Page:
Tall waves and high winds reportedly caused the barge carrying 180 tons of ammonium nitrate to capsize in early May in Costa Rica’s Pacific Gulf of Nicoya. But government officials and environmental groups are now pointing blame at the Legislative Assembly for failing to pass a bill that they say could have prevented the accident.
The Aquatic Navigation bill (Expediente 18512), has been in the hands of the Legislative Assembly since 2010. The law would bar ships from leaving port during rough conditions and allow the government to punish vessels that do not comply with safety regulations. Costa Rica currently has no weather-related restrictions for boat travel.
The Coast Guard releases daily weather bulletins with suggestions for ship travel, but captains are under no obligation to follow the advice.
The Coast Guard issued such a bulletin on May 2, warning that waves could reach two meters in height near the port city of Puntarenas. Despite the rough conditions, a crew transporting chemicals for the fertilizer company Fertilizantes de Centroamérica (FERTICA) left port and capsized 150 meters from the coast. The Coast Guard was able to save the crew, but some of the toxic cargo was released into the sea.
An investigation has since revealed that the ship’s navigation permits had expired.
Just months earlier, Costa Rican authorities had to deal with another disaster at sea when a pleasure catamaran with 99 passengers capsized in high winds and rough seas 30 minutes after leaving port in Playa Herradura, on the country’s central Pacific coast. Three foreign tourists drowned in the accident and others were injured.
The crew did not hand out life jackets until the boat was already sinking.
Without a navigation law, the Costa Rican government has almost no recourse against a ship’s owners. Maritime navigation is currently governed by a series of administrative decisions that carry little weight in a court of law.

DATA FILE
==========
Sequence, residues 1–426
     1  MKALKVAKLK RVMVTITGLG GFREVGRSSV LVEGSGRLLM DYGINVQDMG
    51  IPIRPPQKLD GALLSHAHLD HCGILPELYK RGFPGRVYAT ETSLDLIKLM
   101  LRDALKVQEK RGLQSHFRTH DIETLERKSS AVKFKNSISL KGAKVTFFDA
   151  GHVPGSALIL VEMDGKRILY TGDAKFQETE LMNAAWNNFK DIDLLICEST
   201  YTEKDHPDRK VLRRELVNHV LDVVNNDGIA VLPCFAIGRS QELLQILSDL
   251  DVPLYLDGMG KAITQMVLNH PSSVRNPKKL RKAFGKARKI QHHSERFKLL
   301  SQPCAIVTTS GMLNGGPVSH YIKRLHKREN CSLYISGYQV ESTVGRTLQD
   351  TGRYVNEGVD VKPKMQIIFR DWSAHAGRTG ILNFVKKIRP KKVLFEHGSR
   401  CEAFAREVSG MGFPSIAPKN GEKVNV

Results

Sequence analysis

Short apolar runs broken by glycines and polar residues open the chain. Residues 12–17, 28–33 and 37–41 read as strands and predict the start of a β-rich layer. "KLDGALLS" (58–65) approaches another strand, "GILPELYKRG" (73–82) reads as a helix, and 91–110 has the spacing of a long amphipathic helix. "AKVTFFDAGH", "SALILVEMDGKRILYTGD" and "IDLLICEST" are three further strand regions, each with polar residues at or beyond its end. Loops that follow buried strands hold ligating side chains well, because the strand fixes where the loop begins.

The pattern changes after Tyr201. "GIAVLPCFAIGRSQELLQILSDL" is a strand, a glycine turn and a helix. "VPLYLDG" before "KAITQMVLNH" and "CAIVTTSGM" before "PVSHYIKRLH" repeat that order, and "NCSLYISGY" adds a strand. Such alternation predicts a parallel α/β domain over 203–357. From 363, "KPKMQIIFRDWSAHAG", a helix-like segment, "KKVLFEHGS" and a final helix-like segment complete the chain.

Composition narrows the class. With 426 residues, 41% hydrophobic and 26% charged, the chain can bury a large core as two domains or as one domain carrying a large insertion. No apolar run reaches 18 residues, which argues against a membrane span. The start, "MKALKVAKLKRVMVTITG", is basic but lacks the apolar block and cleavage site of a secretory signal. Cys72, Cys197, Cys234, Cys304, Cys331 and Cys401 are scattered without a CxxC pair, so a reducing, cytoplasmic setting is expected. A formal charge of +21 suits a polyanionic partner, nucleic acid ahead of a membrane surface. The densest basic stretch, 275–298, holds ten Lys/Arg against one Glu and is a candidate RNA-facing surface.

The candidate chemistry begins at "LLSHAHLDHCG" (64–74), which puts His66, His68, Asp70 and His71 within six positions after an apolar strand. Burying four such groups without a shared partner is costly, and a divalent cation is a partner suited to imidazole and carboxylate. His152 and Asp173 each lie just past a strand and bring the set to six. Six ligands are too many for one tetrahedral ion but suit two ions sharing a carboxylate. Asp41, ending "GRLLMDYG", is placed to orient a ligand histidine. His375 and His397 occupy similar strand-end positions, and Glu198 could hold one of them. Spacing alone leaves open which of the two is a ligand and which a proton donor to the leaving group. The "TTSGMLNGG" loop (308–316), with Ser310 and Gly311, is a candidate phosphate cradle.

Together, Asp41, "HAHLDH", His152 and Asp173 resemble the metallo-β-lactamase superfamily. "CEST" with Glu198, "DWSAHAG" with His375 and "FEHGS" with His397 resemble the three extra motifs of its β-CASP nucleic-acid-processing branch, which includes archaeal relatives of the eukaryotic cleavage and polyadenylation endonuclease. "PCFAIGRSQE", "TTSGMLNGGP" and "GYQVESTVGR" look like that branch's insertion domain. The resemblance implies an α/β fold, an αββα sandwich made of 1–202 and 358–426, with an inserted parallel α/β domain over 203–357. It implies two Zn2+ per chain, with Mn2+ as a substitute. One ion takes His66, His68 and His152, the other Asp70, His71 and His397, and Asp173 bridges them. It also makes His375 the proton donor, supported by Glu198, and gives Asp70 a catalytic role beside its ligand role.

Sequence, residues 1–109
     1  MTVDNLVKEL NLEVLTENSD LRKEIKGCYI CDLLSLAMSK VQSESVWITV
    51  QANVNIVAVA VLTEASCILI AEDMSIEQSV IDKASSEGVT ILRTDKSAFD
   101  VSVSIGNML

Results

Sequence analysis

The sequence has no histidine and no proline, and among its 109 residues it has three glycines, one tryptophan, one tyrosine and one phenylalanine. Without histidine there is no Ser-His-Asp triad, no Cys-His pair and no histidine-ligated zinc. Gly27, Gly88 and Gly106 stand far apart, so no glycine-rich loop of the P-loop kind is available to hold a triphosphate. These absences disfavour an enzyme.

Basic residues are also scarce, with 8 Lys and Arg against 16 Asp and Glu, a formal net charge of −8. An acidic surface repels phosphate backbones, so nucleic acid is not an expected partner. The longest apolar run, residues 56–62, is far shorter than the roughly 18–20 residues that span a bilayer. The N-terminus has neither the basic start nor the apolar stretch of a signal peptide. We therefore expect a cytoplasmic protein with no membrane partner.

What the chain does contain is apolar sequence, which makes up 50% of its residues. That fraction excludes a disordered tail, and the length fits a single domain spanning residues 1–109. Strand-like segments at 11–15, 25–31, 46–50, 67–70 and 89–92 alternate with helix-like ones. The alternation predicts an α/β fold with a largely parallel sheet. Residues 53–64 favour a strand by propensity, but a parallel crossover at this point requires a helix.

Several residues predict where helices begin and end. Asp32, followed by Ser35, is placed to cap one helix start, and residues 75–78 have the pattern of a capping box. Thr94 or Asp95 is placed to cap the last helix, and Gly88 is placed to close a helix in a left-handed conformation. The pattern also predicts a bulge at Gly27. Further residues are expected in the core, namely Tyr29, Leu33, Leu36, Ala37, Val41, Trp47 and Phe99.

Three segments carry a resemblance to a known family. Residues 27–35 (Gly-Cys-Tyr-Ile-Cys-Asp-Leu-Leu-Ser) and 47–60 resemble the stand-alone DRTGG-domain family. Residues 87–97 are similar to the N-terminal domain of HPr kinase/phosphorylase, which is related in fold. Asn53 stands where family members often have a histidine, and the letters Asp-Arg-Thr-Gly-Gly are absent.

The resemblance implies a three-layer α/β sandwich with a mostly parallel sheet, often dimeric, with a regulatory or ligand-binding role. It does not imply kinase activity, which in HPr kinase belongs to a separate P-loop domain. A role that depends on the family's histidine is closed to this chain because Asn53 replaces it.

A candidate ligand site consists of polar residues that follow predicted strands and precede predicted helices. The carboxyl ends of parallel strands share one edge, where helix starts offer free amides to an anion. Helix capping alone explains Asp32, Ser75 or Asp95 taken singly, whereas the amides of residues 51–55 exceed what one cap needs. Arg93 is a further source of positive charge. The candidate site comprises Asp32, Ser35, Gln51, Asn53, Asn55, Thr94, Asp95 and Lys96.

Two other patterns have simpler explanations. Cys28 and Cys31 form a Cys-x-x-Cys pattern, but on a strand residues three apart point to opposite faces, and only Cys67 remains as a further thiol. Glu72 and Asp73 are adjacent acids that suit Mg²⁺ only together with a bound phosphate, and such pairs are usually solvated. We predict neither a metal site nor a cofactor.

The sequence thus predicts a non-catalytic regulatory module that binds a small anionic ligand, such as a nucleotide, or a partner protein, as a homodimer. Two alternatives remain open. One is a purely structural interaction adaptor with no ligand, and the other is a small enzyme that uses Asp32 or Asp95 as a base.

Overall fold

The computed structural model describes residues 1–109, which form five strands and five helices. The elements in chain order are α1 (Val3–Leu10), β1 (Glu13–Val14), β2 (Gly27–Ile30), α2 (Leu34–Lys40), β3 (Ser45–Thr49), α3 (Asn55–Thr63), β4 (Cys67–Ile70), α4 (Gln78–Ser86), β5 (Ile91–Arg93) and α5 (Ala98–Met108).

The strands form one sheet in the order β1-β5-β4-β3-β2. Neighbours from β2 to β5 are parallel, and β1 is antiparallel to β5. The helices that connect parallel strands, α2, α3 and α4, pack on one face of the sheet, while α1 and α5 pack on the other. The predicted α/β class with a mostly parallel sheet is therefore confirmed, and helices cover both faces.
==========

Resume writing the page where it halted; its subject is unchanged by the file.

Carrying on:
“Right now Costa Rica lacks a law that adequately sanctions irregularities that happen during marine navigation and transport,” ocean conservation group MarViva said in a statement last week. “Despite the importance of an Aquatic Navigation law for the country, the governments over the last 10 years have not regarded it as important.”
In fact, the roots of the current bill go back further than 10 years, to another catamaran accident in 1997 that left two passengers dead. The catamaran had also run into rough seas, and the crew failed to hand out life vests at all, leaving them tied to the boat’s railings.
The accident shook the country and spurred calls for a navigation bill. But even in the face of the tragedy, it took lawmakers 13 years to complete a draft bill. And that bill has yet to be brought to a vote in the Legislative Assembly.
In response to the most recent catamaran accident in January, President Luis Guillermo Solís declared the bill a priority in the Assembly’s extraordinary session, which ran from Dec. 1 until April 30. But the bill was pushed aside in order to facilitate votes on infrastructure projects. Lawmakers from the ruling Citizen Action Party say the bill is again a priority following the recent accident.
“We, along with our other colleagues, are obligated to give [the bill] priority, ensure its passage and assure technical support,” PAC Lawmaker Marcela Guerrero said. “Additionally, we need to clarify regulations to ensure the minimum security of people who want to use this type of transport.”